A key point gathered from the drivers meeting was to take it easy early on and get to know the course and the conditions before trying to squeeze out that final tenth of a second. We’re fans of this advice in road racing, since there’s no worse way to start a weekend than finding the wall in the first corner after the green flag.

The Lodge at Wolf Ridge served as our rustic home base and primary food stop. Photography Credit: Scott R. Lear

The blind corners and confined spaces of a hillclimb make the reconnaissance run even more critical. At Wolf Ridge, we were told that our first run wouldn’t count anyway, so there was no sense in treating it as anything other than a speedy course walkthrough.

Learning a hillclimb course is an exercise in danger priority assignment. During our untimed run we focused on identifying the corners that would not hesitate to kill us. There were two such corners at Wolf Ridge, one lined by a really big, car-smashing rock and the other featuring a decreasing-radius turn bordered by a steep slope.

After the recce run, we did our first timed run at about 80 percent attack, feeling out the course in some of the faster areas and making sure we had the car plenty under control before coming to our designated hazard zones. We were rewarded with a time of 2:18.829.

As we started giving the Honda longer doses of full throttle, we began to appreciate how steep the mountain really was. Our Civic Si, which has a decent amount of punch from its 2.0-liter, 160-horsepower VTEC engine, could barely accelerate in third gear, even on the shallower straights. Fortunately, second gear tops out near 60 mph and was well-suited to most of the course. We also found that grabbing first was an advantage in the two tightest hairpins.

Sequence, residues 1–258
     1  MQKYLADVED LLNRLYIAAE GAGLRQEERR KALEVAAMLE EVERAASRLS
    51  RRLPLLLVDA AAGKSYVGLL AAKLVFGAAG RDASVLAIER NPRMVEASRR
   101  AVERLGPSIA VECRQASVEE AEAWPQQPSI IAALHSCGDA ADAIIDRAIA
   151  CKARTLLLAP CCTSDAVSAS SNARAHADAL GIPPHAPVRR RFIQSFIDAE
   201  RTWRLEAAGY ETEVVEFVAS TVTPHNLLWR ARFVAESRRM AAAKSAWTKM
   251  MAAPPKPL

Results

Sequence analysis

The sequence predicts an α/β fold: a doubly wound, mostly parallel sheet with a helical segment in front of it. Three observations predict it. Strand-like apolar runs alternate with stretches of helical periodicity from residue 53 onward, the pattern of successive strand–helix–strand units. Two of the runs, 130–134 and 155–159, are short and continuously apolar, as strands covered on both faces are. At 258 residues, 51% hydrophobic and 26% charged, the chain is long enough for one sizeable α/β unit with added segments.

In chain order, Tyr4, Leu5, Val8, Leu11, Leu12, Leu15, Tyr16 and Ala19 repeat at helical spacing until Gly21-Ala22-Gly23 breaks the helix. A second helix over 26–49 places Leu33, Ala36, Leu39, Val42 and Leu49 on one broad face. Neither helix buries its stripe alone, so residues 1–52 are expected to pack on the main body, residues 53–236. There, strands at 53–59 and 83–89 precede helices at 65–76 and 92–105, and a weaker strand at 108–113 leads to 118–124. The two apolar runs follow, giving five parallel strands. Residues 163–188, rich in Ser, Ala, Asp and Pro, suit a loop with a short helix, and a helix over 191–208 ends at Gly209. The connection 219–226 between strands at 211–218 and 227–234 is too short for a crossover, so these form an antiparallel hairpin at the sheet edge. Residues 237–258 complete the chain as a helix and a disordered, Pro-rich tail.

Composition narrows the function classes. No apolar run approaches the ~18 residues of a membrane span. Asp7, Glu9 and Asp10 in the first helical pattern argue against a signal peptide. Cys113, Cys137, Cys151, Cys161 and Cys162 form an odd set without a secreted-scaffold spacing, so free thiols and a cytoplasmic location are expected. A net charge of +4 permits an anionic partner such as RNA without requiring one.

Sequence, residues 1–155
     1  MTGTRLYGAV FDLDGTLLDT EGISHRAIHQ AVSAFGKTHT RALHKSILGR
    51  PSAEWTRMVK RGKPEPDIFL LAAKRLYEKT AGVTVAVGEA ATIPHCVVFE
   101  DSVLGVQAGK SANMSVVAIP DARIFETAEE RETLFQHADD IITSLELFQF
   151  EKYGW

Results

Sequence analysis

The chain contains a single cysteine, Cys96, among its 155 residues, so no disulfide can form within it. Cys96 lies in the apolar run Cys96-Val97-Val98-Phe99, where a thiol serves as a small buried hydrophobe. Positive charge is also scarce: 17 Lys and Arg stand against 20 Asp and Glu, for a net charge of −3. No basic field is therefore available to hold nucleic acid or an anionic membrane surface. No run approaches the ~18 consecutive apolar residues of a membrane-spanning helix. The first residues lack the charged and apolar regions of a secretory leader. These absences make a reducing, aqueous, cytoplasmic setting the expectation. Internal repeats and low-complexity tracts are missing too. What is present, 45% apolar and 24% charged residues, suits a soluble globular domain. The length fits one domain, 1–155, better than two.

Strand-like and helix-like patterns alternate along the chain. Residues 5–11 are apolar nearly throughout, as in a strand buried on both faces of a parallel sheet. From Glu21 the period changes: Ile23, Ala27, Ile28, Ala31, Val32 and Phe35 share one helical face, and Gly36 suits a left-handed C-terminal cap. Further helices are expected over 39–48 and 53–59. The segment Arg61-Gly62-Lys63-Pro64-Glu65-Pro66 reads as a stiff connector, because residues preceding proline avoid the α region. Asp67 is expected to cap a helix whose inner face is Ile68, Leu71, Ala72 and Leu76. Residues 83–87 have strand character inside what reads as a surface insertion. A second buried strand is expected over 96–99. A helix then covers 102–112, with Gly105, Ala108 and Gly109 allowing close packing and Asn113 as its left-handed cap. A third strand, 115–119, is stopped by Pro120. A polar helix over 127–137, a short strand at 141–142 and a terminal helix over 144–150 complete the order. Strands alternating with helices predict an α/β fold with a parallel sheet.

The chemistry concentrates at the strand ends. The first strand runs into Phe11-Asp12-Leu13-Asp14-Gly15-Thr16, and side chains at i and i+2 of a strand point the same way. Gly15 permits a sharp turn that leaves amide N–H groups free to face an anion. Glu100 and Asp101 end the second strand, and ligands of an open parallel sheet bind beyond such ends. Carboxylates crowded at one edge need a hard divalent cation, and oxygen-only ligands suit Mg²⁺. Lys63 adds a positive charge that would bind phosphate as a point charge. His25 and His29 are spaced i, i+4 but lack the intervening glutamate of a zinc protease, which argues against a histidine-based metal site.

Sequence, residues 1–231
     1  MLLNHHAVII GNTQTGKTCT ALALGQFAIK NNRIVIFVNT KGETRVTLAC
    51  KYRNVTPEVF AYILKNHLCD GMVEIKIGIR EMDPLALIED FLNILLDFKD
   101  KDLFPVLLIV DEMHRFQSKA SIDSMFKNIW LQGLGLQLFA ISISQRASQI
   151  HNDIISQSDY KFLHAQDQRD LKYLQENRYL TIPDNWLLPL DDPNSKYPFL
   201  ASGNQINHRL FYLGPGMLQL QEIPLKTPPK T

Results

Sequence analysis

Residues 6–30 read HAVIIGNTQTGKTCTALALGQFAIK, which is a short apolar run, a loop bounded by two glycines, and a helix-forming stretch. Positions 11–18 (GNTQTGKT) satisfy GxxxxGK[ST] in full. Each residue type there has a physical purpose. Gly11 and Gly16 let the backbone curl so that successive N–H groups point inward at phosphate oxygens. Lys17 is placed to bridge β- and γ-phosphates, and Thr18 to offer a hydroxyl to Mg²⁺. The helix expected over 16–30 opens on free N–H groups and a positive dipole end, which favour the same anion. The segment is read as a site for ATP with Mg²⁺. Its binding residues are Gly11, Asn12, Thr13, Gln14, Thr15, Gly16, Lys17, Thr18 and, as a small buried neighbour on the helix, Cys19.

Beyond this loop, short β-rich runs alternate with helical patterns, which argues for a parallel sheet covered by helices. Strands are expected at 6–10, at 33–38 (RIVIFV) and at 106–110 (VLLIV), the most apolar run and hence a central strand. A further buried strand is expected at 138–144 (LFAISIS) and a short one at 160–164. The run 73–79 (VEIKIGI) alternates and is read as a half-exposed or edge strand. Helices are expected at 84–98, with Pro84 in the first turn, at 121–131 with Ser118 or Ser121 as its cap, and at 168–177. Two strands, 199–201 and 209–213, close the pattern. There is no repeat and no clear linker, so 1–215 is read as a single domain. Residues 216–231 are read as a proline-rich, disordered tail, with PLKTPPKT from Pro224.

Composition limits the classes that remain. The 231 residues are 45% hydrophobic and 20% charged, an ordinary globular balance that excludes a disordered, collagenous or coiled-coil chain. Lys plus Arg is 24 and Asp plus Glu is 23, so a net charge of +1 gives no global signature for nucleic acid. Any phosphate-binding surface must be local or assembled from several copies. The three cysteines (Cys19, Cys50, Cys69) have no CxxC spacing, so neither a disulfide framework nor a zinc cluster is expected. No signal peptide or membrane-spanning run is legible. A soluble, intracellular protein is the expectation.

At the Top

The Hankooks had plenty of bite on the rising asphalt, and every little dab of the brakes was magnified by the hill. For most corners, simply lifting off the throttle was enough to shed speed thanks to our combination of moderate power and good grip.

By our third and fourth runs, we found ourselves starting to think ahead as the mountain road became more familiar to us. We had our braking zones worked out for the really dangerous areas, and we were starting to recognize the second- and third-tier dangers so we could maximize speed around them.

With more than five runs under our belt on Day 2, we were actively hunting for more speed. We minimized our braking zones, clipped apexes a bit closer to hazards and, in a few key corners, tested our bravery beyond the edge of the pavement. By our final runs there didn’t seem to be much left in the car. Our final two attempts were within 0.007 second of each other, with a fastest time of 2:10.863.

That was good enough to make us the fastest front-wheel-drive car on the hill. For comparison, Mark Mashburn drove his A Street Prepared Chevy Corvette to a fastest fendered time of 2:03.164, and George Bowland’s A Modified BBR Shark—a contraption that’s basically a bunch of wings, a high-powered snowmobile engine and some sticky tires—terrorized the hill to set FTD with a 1:47.203.

Coming Down

There’s no denying that hillclimbing is a serious rush. It occupies a unique place in motorsports, mixing elements of autocross, time trial and stage rally with the time-honored tradition of tearing up a winding mountain road as fast as you dare.

The cost per minute of run time is similar to what you’d find at an autocross, but the thrill is undeniably greater. Unfortunately, so are the risks, so hillclimb your daily driver only if you have a backup plan for getting to work on Monday.

If you’re on the fence about running a hillclimb, consider spectating or volunteering at one first. The beautiful scenery at one of the resort-based events makes for a great weekend getaway for couples.

Hillclimbing may have faded from its former glory, but that just means the lines aren’t as long right now. It’s simply too thrilling a form of racing to allow it to slip into obscurity.